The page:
SSN Member Spotlight: Jamila Michener on Addressing Racial Inequities

Access to high quality, affordable health care offered to all, in ways that convey dignity and respect, has great potential to amplify the voices of those who are most economically and racially marginalized in American society, to build their power, and to create a more robust democracy.” - Jamila Michener, Cornell University

For this member spotlight, SSN is excited to highlight professor and SSN Steering Committee member Jamila Michener and her work to advocate for research-informed policy improvements that address racial inequities.

Last month, Professor Michener testified before the Congressional Committee on Oversight and Reforms about the need for universal health coverage. In the “Examining Pathways to Universal Health Coverage'' hearing, organized by committee chair Representative Carolyn B. Maloney (D-NY), Michener laid out how this policy change would not only address health inequities in communities of color, but also strengthen democracy. 

Michener shared that people of color have never experienced health equity in the United States. Among a list of pertinent statistics, she showed that Black and Indigenous Americans in particular have shorter average lifespans and suffer higher death rates, including from preventable and treatable conditions. Due to systemic racism, communities of color have long faced a lack of health coverage, health care access, and other opportunities that are crucial to establishing health equity – where everyone has a fair chance to be as healthy as possible.  

“Unequal, unstable, unaffordable, and constrained access to health insurance contributes to people of color experiencing their health care system as profoundly discriminatory and difficult to navigate,” said Michener.

Beyond addressing these inequities, Michener also focused her testimony on the ways in which universal health care would strengthen democracy and better position people of color to engage in the political processes. Drawing on political science research, including her own work on Medicaid, she explained how health and health policy play a crucial role in establishing full democratic participation. Medicaid expansion, for example, is correlated with higher voter turnout, while Medicaid disenrollment is associated with lower voting rates.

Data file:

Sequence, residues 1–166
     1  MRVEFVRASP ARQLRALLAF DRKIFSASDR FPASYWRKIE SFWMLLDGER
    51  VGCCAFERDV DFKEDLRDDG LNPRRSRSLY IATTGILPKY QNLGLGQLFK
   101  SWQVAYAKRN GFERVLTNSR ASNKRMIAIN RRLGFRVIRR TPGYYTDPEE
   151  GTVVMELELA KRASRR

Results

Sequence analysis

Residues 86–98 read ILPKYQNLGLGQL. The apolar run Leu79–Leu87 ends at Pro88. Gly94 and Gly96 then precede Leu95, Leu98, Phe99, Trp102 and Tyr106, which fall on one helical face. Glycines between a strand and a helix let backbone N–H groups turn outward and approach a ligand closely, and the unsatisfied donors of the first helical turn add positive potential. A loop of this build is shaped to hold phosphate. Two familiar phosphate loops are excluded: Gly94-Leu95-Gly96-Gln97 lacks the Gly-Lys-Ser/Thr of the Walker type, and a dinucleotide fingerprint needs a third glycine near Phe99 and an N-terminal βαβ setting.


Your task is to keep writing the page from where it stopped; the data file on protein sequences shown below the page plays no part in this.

Closing her remarks, Michener shared a quote from a Medicaid beneficiary she interviewed for her research:

I think a lot of people on Medicaid and without insurance are scared that their voice is not going to be heard at the end of the day. That no matter how much you protest or how much you call on those in higher upper seats, it’s as if our voices don’t matter. And people think ‘why should I even say anything, it’s not going to change.’ But in actuality, it might just be that one vote that pushes us to change everything. But to us sitting down here, looking at those up there, it’s like our voice, what is my little voice going to do.” 

In addition to her congressional testimony, Michener also contributed to a new report by the Congressional Caucus on Black Women and Girls entitled An Economy for All: Building a ‘Black Women Best’ Legislative Agenda. The 133-page report, “provides a compelling and connective legislative agenda that centers Black women across a variety of issues and topics including economics, democracy, health, and environment.” Following the report’s publication, Congresswomen Bonnie Watson Coleman (NJ-12), Robin Kelly (IL-2), and Yvette Clarke (NY-9) introduced House Resolution 1050 to consider the policy frameworks and legislative proposals laid out in the report.

Cornell University
Jamila Michener

Jamila Michener is an Associate Professor of government and public policy at Cornell University and co-director of Cornell’s Center for Health Equity. Michener specializes in the field of American politics with a particular focus on the political precursors to and consequences of poverty and racial inequality. She is the author of Fragmented Democracy: Medicaid, Federalism and Unequal Politics.